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Publisher's Summary

The long-awaited story of the science, the business, the politics, the intrigue behind the scenes of the most ferocious competition in the history of modern science, the race to map the human genome. On May 10, 1998, biologist Craig Venter, director of the Institute for Genomic Research, announced that he was forming a private company that within three years would unravel the complete genetic code of human life, seven years before the projected finish of the U.S. government's Human Genome Project. Venter hoped that by decoding the genome ahead of schedule, he would speed up the pace of biomedical research and save the lives of thousands of people. He also hoped to become very famous and very rich. Calling his company Celera (from the Latin for "speed"), he assembled a small group of scientists in an empty building in Rockville, Maryland, and set to work.
At the same time, the leaders of the government program, under the direction of Francis Collins, head of the National Human Genome Research Institute at the National Institutes of Health, began to mobilize an unexpectedly unified effort to beat Venter to the prize, knowledge that had the potential to revolutionize medicine and society.
The stage was set for one of the most thrilling, and important, dramas in the history of science. The Genome War is the definitive account of that drama: the race for the greatest prize biology has had to offer, told by a writer with exclusive access to Venter's operation from start to finish. It is also the story of how one man's ambition created a scientific Camelot where, for a moment, it seemed that the competing interests of pure science and commercial profit might be gloriously reconciled, and the national repercussions that resulted when that dream went awry.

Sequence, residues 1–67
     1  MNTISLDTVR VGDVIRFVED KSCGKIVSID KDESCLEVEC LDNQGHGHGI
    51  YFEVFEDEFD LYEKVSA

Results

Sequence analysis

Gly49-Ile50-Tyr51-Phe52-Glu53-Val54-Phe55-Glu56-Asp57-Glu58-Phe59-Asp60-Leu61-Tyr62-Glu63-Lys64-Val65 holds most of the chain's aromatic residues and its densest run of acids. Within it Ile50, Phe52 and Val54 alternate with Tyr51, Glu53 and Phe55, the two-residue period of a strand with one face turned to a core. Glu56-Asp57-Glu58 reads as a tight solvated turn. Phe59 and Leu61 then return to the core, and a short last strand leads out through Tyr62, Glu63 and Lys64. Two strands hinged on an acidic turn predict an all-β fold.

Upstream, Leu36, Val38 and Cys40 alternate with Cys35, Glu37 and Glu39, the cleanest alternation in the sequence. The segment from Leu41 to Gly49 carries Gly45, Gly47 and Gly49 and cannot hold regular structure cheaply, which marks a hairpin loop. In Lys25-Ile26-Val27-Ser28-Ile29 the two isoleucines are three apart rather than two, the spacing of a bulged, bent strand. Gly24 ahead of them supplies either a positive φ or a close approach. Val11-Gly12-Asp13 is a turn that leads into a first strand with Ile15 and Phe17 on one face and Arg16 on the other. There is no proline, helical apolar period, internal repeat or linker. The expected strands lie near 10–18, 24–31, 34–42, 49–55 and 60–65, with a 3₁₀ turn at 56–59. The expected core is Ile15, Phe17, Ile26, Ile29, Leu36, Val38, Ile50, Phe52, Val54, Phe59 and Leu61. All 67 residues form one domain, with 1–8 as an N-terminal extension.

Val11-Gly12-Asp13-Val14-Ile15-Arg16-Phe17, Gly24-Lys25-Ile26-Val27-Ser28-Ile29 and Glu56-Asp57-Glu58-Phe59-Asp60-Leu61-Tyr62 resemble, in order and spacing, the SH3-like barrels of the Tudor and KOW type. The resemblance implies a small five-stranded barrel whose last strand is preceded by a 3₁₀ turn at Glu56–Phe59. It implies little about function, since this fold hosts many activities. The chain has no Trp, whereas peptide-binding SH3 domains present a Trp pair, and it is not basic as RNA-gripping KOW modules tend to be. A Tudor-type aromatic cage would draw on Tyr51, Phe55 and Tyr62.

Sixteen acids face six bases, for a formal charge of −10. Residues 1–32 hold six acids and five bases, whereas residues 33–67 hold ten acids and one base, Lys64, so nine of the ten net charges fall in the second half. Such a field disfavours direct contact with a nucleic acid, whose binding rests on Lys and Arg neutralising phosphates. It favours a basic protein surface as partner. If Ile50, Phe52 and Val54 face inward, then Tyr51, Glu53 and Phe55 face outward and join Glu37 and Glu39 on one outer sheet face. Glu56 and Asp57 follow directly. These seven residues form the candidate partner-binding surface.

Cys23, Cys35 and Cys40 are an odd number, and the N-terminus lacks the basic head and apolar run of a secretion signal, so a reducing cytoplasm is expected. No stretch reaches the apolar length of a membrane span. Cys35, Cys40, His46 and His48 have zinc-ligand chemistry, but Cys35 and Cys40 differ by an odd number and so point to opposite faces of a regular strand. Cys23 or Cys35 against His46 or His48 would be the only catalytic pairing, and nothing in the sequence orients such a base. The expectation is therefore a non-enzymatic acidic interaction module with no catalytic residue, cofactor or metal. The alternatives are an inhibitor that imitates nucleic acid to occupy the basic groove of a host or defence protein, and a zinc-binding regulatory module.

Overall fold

©2004 James Shreeve; (P)2004 Books on Tape, Inc.
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Critic Reviews

"Shreeve delivers commendably clear discourse on techno-molecular obstacles to sequencing DNA, topped with the vivid drama of Celera's mastery of the problems it encountered in doing so. Shreeve's intimate book is a crucial addition to the history of a major scientific fracas." (Booklist)
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Customer Reviews

Most Helpful
4 out of 5 stars
By Neil on 02-24-04

DNA/Microbiology 101

The book covers very the discovery and mapping of the human DNA sequence back to Mendel. I give it a 4/5 because it repeats its scientific facts several times during the story telling you as if it was the first time the item was mentioned, this caused it to drag.

If it were fiction, I would accuse it of being to political/emotionally charged? It?s stunning how far the government sector went in funding and rhetoric to ?win? the DNA sequence. It sheds light on the human side of science and discovery, it is unfortunate what that light reveals is greed.

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9 of 9 people found this review helpful

5 out of 5 stars
By D. Keith on 02-16-04

Business meets biology meets politics

An entralling account of genome research which takes an admirably impartial view towards the different forces (and people) that clash in this story. This book should be of interest to a wide variety of people including those wondering how the technological revolutions discussed here will work out in a more historical perspective. HIghly recommended!

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8 of 8 people found this review helpful

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